He was described as the “most famous unknown” in Austria, Dieter Mateschitz was one of the richest people in the country – according to Forbes magazine, worth €25 billion, who used his phenomenal wealth as the marketing genius and co-owner of Red Bull to build a powerful sporting and media empire.
His death at age 78 has left the Austrian public seeking a better picture of a man whose impact on society has spanned the better part of 25 years. Yet, even more questions about his life have emerged since the announcement of his passing was mysteriously kept secret for two weeks.
From toothpaste employee to energy drink giant
In the 1980s, as a representative in Thailand working for a toothpaste company, he became familiar with the energy drink market, later showing his genius for marketing. Together with his Thai partners from the Yoovidhya business clan, he successfully marketed the Red Bull drink, which contained huge quantities of caffeine and sugar, to achieve worldwide success.
Along with the popular tins of Red Bull, which quickly made him wildly rich, he also cashed in on the early 2000s urban middle-class lifestyle that was in vogue at the time. He invested heavily in sports projects that also promoted his drinks, owner a successful Formula 1 racing team and sponsored large-scale air shows.
In addition to hotels and restaurants, Mateschitz also founded several media companies including the TV station Servus TV, Servus Magazine, the research platform Addendum, and the Red Bulletin. When a works council at Servus TV was to be formed at the station in 2016, “Didi” (as he was known colloquially) immediately threatened to close it down, which prompted the staff to back down.
He later shut down the media platform Addendum without warning.
A harsh critic of Europe and political correctness
In 2017, the media-shy Mateschitz gave a rarely granted interview to the Kleine Zeitung, in which he outed himself as a Trump admirer. He criticized the “dictates of the politically correct” by an “intellectual elite,” which he said was ideologically aligned with the Left.
He was harshly critical of Europe’s “failure to cope with the wave of migrants” in 2015. And although he profited handsomely from the EU single market – the EU Commission even pushed for the approval of Red Bull in France, where the secret formula was deemed a health hazard – Mateschitz was a harsh critic of the EU and was a vocal advocate of Euroscepticism through his media outlets.
Mateschitz was accused by Austria’s Leftists of openly providing public forums for right-wing media and political figures, and – according to a Viennese journalist who proposed to write a book about him – even threatened to use hired Russian hitmen to physically assault him.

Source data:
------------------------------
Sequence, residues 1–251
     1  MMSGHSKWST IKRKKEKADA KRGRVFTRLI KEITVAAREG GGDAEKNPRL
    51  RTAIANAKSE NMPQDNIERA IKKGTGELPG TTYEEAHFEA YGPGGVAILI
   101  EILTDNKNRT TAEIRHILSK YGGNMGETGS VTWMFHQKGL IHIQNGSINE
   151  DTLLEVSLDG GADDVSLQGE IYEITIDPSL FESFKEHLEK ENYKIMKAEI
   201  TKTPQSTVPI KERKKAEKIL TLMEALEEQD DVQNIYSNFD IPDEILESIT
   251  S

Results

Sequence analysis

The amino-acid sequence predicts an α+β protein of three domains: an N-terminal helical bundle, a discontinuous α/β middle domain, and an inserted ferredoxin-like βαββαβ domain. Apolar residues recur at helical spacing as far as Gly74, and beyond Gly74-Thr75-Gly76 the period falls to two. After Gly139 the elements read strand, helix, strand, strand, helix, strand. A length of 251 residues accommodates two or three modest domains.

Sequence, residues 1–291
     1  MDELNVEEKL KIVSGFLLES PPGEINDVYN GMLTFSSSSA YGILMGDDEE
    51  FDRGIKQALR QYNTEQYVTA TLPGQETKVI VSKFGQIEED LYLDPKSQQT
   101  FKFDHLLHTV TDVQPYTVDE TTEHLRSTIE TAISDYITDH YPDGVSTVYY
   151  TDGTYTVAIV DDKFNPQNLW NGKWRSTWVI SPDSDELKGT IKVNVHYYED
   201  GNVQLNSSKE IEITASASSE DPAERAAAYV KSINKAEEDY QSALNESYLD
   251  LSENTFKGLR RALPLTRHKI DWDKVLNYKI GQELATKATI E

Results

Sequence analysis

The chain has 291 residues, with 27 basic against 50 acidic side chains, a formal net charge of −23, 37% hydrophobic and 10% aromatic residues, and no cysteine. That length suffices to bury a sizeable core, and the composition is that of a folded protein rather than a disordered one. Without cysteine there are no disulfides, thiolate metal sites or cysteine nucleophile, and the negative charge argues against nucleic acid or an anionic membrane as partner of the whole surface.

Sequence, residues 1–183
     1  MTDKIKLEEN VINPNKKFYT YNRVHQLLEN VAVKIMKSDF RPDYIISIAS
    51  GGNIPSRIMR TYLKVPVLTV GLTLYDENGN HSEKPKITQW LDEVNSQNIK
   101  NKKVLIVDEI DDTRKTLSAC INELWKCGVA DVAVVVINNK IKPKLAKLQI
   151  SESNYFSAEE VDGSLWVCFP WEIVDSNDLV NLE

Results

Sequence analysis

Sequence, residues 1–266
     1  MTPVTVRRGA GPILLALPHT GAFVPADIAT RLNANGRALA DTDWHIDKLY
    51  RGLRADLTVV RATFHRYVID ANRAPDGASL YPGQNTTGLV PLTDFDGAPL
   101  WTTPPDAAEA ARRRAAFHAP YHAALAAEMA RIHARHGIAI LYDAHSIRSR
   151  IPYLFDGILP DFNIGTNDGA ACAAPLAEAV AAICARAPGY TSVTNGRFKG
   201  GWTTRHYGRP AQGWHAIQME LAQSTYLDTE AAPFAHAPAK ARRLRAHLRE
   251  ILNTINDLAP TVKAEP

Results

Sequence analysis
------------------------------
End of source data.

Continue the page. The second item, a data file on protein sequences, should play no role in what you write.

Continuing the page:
Servus TV has, indeed, devoted much of its recent airtime to reports from COVID vaccination skeptics and an increasing number of fringe conspiracy theorists, which included the station’s director, Ferdinand Wegscheider. Martin Sellner, the leader of the far-right Identitären movement and a key figure in the New Right in Germany, who had previously been denied entry into the US and UK for his extremist views, was a frequent guest on Servus TV’s talk shows.
Mateschitz liked to cultivate an image of a philanthropist buy taken control of and renovating old hotels and inns in Austria’s northern Ausseerland region and around the Formula 1 circuit that he helped revive in the town of Zeltweg, which was named after Red Bull.
The private TV channel Puls 4, one his rivals, recalled in its own obituary for Mateschitz an incident that involved profil business journalist Michael Nikbakhsh. When Nikbakhsh proposed to write his biography, Mateschitz told him that he would no longer be safe “as long as a kneecaping only costs $500 using hitmen from Moscow”. Mateschitz later apologized, but the threat revealed his cutthroat character.
Journalist Wolfgang Fürweger, who wrote the first biography about Mateschitz – The Red Bull Story. The Incredible Success of Dietrich Mateschitz – was banned by Red Bull, despite the fact that he presented a positive image of both the company and Mateschitz. According to those who knew of the incident said at the time, “Mr. Mateschitz couldn’t control the content. The lack of control just doesn’t sit well with him and his people.”
Prior to his death, the seriousness of his health condition was kept secret. Even the news of his death was kept from the public for nearly two weeks after his passing at the beginning of October.
Mateschitz’s estate will most likely be shared by his 39-year-old partner, Marion Feichtner, and his 29-year-old son from a previous relationship. Since the inheritance tax has been abolished in Austria, they can look forward to a tax-free inheritance.